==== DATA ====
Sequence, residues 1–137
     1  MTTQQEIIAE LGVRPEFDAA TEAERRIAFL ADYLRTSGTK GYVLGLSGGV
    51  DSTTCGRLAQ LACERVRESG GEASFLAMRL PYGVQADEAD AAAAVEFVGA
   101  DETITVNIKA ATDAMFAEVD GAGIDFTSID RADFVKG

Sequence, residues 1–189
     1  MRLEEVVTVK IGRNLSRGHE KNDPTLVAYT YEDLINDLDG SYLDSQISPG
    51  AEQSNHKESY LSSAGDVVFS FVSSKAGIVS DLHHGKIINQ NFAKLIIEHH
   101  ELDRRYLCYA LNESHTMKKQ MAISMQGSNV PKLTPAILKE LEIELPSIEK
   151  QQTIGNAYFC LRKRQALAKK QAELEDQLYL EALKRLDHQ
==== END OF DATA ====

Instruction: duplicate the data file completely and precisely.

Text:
Sequence, residues 1–137
     1  MTTQQEIIAE LGVRPEFDAA TEAERRIAFL ADYLRTSGTK GYVLGLSGGV
    51  DSTTCGRLAQ LACERVRESG GEASFLAMRL PYGVQADEAD AAAAVEFVGA
   101  DETITVNIKA ATDAMFAEVD GAGIDFTSID RADFVKG

Sequence, residues 1–189
     1  MRLEEVVTVK IGRNLSRGHE KNDPTLVAYT YEDLINDLDG SYLDSQISPG
    51  AEQSNHKESY LSSAGDVVFS FVSSKAGIVS DLHHGKIINQ NFAKLIIEHH
   101  ELDRRYLCYA LNESHTMKKQ MAISMQGSNV PKLTPAILKE LEIELPSIEK
   151  QQTIGNAYFC LRKRQALAKK QAELEDQLYL EALKRLDHQ